range and TClk. The baud-rate range

 

is defined by Baud0 and Baud1 in

 

the OPMODE register.

TBit-check : Depends on the result of the bit check

If the bit check is ok, TBit-check depends on the number of bits to be

checked (NBit-check) and on the utilized data rate.

If the bit check fails, the average time period for that check depends on the selected baud-rate range and

on TClk. The baud-rate range is defined by Baud0 and Baud1 in the

OPMODE register.

Figure 9. Timing Diagram for Complete Successful Bit Check

( Number of checked Bits: 3 )

Bit check ok

 

IC_ACTIVE

 

 

 

Bit check

1/2 Bit

1/2 Bit 1/2 Bit 1/2 Bit 1/2 Bit

1/2 Bit

 

Dem_out

 

 

 

Data_out (DATA)

TStart-up

TBit-check

 

 

 

 

Start-up mode

Bit-check mode

Receiving mode

10 T5760/T5761

4561B–RKE–10/02

T5760/T5761

Bit-check Mode

Configuring the Bit

Check

In bit-check mode the incoming data stream is examined to distinguish between a valid signal from a corresponding transmitter and signals due to noise. This is done by subsequent time frame checks where the distances between 2 signal edges are continuously compared to a programmable time window. The maximum count of this edge-to-edge tests before the receiver switches to receiving mode is also programmable.

Assuming a modulation scheme that contains 2 edges per bit, two time frame checks are verifying one bit. This is valid for Manchester, Bi-phase and most other modulation schemes. The maximum count of bits to be checked can be set to 0, 3, 6 or 9 bits via the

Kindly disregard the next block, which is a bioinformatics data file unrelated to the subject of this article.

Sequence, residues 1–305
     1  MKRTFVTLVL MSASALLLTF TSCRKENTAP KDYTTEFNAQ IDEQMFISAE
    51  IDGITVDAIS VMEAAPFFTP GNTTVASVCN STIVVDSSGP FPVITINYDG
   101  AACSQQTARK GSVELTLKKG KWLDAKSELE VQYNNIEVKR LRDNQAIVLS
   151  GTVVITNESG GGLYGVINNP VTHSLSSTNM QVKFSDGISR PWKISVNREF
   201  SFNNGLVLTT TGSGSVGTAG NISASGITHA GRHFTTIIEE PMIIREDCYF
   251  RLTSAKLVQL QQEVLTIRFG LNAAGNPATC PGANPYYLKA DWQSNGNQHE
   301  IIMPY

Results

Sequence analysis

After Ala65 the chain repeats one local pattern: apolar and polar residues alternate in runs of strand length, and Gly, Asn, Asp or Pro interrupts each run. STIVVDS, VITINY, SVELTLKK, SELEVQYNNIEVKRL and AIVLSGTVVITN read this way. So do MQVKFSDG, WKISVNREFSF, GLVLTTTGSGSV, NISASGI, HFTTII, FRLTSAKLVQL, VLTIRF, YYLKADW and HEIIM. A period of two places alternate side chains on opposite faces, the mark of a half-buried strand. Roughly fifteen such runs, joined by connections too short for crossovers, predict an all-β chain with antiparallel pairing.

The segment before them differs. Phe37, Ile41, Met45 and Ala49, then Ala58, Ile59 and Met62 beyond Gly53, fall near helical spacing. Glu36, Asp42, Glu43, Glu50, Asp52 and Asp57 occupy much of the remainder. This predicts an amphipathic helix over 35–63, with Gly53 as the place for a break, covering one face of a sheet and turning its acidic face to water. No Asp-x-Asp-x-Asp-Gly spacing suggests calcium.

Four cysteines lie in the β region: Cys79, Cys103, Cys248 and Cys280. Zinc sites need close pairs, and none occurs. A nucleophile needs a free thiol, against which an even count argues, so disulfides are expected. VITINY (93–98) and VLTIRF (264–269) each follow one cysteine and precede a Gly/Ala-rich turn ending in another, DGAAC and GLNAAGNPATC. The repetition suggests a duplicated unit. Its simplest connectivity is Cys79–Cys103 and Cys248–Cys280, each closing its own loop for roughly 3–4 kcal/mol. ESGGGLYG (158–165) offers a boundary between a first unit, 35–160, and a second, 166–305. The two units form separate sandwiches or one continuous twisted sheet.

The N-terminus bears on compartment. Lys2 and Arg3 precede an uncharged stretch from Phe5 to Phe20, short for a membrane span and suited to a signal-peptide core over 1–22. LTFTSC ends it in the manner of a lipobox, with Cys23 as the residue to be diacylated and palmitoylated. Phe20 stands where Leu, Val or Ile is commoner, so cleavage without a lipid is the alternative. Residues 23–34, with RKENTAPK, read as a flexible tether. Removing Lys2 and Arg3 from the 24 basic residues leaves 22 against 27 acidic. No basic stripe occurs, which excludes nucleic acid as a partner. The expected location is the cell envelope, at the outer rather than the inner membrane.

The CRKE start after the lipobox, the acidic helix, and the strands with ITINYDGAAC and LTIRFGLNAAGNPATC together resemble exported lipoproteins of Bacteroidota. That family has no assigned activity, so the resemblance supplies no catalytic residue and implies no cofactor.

variable NBit-check in the OPMODE register. This implies 0, 6, 12 and 18 edge-to-edge checks respectively. If NBit-check is set to a higher value, the receiver is less likely to

switch to receiving mode due to noise. In the presence of a valid transmitter signal, the

bit check takes less time if NBit-check is set to a lower value. In polling mode, the bit-check time is not dependent on NBit-check. Figure 9 shows an example where 3 bits are tested successfully and the data signal is transferred to Pin DATA.

According to Figure 10, the time window for the bit check is defined by two separate

time limits. If the edge-to-edge time tee is in between the lower bit-check limit TLim_min and the upper bit-check limit TLim_max, the check will be continued. If tee is smaller than

TLim_min or tee exceeds TLim_max, the bit check will be terminated and the receiver switches to sleep mode.

Figure 10. Valid Time Window for Bit Check

 

1/fSig

Dem_out

tee

TLim_min

 

 

TLim_max

For best noise immunity it is recommended to use a low span between TLim_min and TLim_max. This is achieved using a fixed frequency at a 50% duty cycle for the transmitter preburst. A ‘11111...’ or a ‘10101...’ sequence in Manchester or Bi-phase is a good choice concerning that advice. A good compromise between receiver sensitivity and susceptibility to noise is a time window of ± 30% regarding the expected edge-to-edge time tee. Using pre-burst patterns that contain various edge-to-edge time periods, the bitcheck limits must be programmed according to the required span.

The bit-check limits are determined by means of the formula below.

TLim_min = Lim_min TXClk

TLim_max = (Lim_max -1) TXClk

Lim_min and Lim_max are defined by a 5-bit word each within the LIMIT register.

Using above formulas, Lim_min and Lim_max can be determined according to the

required TLim_min, TLim_max and TXClk. The time resolution defining TLim_min and TLim_max is TXClk. The minimum edge-to-edge time tee (tDATA_L_min, tDATA_H_min) is defined according to the chapter ‘Receiving Mode’. The lower limit should be set to Lim_min 10. The max-

imum value of the upper limit is Lim_max = 63.

If the calculated value for Lim_min is <19, it is recommended to check 6 or 9 bits (NBit-check) to prevent switching to receiving mode due to noise.